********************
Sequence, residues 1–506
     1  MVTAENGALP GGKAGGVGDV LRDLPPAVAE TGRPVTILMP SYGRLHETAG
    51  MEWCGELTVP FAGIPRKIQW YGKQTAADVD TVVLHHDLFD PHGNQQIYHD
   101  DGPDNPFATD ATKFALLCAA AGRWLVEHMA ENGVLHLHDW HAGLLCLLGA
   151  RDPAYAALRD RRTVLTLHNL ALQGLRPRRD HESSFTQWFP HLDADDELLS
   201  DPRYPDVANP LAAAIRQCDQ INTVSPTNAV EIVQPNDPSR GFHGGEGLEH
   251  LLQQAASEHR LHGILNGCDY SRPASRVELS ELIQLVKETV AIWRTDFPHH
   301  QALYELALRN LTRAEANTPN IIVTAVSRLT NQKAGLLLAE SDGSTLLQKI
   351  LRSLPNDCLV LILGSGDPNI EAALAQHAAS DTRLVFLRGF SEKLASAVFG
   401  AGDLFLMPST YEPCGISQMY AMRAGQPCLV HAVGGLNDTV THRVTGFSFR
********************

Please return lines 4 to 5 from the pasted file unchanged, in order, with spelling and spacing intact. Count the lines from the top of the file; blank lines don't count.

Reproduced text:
   101  DGPDNPFATD ATKFALLCAA AGRWLVEHMA ENGVLHLHDW HAGLLCLLGA
   151  RDPAYAALRD RRTVLTLHNL ALQGLRPRRD HESSFTQWFP HLDADDELLS